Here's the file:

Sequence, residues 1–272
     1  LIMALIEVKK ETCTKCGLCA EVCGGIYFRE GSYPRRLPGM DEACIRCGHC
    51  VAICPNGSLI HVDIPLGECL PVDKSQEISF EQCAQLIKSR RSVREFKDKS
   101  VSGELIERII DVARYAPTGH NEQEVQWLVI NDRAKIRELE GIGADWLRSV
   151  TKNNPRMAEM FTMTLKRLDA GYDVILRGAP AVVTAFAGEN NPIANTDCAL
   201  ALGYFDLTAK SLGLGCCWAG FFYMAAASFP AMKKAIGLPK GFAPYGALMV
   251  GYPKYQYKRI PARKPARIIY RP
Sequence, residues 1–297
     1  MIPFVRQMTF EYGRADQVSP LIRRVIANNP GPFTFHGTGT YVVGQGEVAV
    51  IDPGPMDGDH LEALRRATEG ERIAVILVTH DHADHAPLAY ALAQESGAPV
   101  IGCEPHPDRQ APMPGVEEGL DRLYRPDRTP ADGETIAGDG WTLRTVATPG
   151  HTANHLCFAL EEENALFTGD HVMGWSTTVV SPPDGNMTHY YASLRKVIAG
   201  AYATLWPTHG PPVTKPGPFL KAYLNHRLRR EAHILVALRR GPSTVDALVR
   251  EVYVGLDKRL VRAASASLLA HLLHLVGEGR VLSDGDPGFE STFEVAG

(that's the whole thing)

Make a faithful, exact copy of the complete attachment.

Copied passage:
Sequence, residues 1–272
     1  LIMALIEVKK ETCTKCGLCA EVCGGIYFRE GSYPRRLPGM DEACIRCGHC
    51  VAICPNGSLI HVDIPLGECL PVDKSQEISF EQCAQLIKSR RSVREFKDKS
   101  VSGELIERII DVARYAPTGH NEQEVQWLVI NDRAKIRELE GIGADWLRSV
   151  TKNNPRMAEM FTMTLKRLDA GYDVILRGAP AVVTAFAGEN NPIANTDCAL
   201  ALGYFDLTAK SLGLGCCWAG FFYMAAASFP AMKKAIGLPK GFAPYGALMV
   251  GYPKYQYKRI PARKPARIIY RP
Sequence, residues 1–297
     1  MIPFVRQMTF EYGRADQVSP LIRRVIANNP GPFTFHGTGT YVVGQGEVAV
    51  IDPGPMDGDH LEALRRATEG ERIAVILVTH DHADHAPLAY ALAQESGAPV
   101  IGCEPHPDRQ APMPGVEEGL DRLYRPDRTP ADGETIAGDG WTLRTVATPG
   151  HTANHLCFAL EEENALFTGD HVMGWSTTVV SPPDGNMTHY YASLRKVIAG
   201  AYATLWPTHG PPVTKPGPFL KAYLNHRLRR EAHILVALRR GPSTVDALVR
   251  EVYVGLDKRL VRAASASLLA HLLHLVGEGR VLSDGDPGFE STFEVAG